I wrote this on Facebook, opening with a quote from the article, duplicating here:

In all civil forfeitures in Oklahoma, property owners are presumed guilty and are forced to contest forfeiture and prove they were not aware their property was being used illegally.

Isn’t that enough for us, as Americans, don’t we honor and hold as sacred the Fifth Amendment? “No person shall […], nor be deprived of life, liberty, or property, without due process of law; nor shall private property be taken for public use, without just compensation.”

Don’t we believe that? Shouldn’t we rid ourselves of the stench of takings without due process?

Don’t we also honor the 14th Amendment? “…nor shall any state deprive any person of life, liberty, or property, without due process of law; nor deny to any person within its jurisdiction the equal protection of the laws.”

Don’t we also hold in highest regard the Golden Rule? Doesn’t each of us want full due legal process, full trial by impartial jury, when it is our stuff being taken? Proof beyond reasonable doubt.

We are talking of crimes here, not civil issues. We seem to pretend it is a civil issue, like the state is suing over the stuff, but no; it is being taken for a crime; the crime may even be assumed. There are no small number of instances where assets are taken, or even simply frozen (impounded), and no crime was ever even charged, much less proven. And with frozen assets, how does one even afford to mount a legal defense?

The entire notion of asset forfeiture until after full due process and proof of crime, and finding and assigning guilt, is totally reprehensible and should be anathema to all who claim to be American.

Perhaps, if Oklahoma will not rid itself of this blight, we can secede from the Union and declare ourselves the “Banana Republic of Sheriff Boss”. It seems to always be the Sheriffs in the lead fighting to keep taking property without due process.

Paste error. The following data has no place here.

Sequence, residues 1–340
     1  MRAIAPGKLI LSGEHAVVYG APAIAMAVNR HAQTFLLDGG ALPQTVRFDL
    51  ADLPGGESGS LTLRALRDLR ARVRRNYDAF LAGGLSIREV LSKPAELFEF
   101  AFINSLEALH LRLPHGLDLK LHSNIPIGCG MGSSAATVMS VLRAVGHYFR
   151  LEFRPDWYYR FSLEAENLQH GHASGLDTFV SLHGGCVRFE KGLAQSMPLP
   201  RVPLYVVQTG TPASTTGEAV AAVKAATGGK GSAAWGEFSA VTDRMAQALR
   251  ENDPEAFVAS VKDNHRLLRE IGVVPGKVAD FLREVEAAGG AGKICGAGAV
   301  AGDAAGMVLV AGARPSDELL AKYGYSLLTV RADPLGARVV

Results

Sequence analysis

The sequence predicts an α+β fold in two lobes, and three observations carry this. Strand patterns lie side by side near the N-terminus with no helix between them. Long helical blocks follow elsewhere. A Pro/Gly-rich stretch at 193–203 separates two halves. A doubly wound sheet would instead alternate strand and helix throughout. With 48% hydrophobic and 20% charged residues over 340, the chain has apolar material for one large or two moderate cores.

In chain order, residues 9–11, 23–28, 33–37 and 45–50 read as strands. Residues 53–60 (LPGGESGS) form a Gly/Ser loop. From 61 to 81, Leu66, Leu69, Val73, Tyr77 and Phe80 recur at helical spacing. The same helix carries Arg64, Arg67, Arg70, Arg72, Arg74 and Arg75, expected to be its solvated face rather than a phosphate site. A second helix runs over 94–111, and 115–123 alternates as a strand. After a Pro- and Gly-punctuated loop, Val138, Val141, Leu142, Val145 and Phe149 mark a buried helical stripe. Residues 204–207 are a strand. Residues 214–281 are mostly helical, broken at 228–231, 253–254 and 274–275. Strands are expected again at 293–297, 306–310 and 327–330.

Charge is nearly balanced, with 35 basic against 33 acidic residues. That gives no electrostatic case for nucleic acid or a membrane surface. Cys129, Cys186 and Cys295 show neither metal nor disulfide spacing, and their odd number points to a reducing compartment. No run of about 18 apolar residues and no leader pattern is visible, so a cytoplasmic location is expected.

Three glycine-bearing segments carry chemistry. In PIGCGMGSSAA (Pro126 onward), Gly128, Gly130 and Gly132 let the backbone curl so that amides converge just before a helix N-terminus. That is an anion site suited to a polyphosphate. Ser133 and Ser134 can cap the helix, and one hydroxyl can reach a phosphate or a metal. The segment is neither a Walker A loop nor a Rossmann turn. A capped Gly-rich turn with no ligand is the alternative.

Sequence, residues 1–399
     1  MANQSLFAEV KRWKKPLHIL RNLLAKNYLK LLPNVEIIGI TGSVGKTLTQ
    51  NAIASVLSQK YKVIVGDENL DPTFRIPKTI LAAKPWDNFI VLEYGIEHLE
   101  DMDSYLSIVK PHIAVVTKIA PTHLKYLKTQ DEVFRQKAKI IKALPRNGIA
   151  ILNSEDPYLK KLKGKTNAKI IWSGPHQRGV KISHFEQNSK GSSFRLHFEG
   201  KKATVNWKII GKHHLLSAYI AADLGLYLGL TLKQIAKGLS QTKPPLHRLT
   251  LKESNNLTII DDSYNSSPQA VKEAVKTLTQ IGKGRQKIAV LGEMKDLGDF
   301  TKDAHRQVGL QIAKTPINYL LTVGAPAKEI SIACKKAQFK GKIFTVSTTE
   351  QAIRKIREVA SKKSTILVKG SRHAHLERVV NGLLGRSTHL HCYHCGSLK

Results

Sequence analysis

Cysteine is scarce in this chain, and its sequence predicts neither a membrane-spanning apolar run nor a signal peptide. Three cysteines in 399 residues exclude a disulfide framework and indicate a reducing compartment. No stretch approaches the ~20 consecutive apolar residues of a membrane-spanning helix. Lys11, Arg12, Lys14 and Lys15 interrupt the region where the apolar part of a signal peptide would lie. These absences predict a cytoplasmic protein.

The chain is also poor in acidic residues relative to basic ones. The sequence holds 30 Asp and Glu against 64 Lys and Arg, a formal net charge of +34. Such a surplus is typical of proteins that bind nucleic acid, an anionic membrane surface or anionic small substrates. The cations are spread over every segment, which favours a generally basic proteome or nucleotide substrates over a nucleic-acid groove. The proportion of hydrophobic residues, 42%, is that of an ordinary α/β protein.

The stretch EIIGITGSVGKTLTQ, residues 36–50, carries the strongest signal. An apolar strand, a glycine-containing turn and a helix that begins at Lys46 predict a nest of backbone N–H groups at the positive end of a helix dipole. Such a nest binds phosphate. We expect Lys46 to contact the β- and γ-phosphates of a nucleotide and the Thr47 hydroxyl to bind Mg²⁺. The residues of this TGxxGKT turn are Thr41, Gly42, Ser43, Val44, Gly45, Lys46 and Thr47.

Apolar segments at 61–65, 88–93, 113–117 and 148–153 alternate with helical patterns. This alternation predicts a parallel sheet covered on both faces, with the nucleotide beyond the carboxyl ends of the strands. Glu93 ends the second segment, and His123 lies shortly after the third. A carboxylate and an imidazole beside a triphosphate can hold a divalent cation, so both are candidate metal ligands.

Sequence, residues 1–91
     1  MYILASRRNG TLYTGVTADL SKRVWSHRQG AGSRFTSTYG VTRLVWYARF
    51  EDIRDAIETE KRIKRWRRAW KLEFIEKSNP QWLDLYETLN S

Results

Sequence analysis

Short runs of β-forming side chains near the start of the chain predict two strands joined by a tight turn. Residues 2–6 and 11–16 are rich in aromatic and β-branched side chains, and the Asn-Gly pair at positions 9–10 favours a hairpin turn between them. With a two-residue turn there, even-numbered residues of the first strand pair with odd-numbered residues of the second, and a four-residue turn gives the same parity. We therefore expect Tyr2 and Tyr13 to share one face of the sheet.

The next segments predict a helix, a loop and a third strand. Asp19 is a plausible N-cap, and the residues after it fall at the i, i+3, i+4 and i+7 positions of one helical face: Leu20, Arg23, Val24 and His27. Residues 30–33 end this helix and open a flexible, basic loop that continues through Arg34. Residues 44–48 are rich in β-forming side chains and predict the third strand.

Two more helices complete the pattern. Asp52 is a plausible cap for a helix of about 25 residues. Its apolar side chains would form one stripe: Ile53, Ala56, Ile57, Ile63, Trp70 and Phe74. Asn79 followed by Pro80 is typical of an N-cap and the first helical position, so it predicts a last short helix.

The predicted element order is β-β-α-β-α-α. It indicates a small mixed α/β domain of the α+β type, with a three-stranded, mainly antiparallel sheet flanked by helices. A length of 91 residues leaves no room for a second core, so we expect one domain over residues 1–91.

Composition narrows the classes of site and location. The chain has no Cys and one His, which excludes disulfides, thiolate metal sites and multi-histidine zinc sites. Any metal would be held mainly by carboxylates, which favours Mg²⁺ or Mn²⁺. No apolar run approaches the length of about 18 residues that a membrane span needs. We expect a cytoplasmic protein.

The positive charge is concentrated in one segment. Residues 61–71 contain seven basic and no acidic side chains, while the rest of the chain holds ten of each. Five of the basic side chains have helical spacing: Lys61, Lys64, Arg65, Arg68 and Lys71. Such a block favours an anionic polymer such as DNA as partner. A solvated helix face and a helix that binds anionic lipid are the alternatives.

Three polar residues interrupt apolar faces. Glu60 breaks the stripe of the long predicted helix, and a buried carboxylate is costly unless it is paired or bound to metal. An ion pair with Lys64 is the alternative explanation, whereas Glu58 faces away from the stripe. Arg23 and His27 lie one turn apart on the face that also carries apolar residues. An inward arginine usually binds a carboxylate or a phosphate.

State Senator Kyle Loveless, Kyle D. Loveless, I thank you for trying to improve the situation for all Oklahomans and for honoring our fundamental national values. Perhaps only small steps are politically possible, but we must start, and we must do more. Only full due process before forfeiture is just. Only justice will suffice.

http://biblehub.com/micah/6-8.htm
Live justly, love mercy, walk humbly.

I’ve happened to notice the subject of human cloning in the news lately. We cannot outlaw it. What can be done will be done. For better or worse, if it can be done, people will do it. We must give everyone full human rights and due process protections, everyone: cloned, unborn, anything that is clearly human, and living, we need to endow with human rights and due process protections.

Then we will likely settle into moral and acceptable practices. Outlawing cloning will eventually lead to illegal slave trade, assuming cloning can work at all.

We need to treat the matter righteously. Then we will treat it legally.

Of course, this is a simplistic statement. There is obviously much to this complex issue, but outlawing “cloning” simply cannot work. Let’s start down a path that is likely to work, not one that has no hope of helping.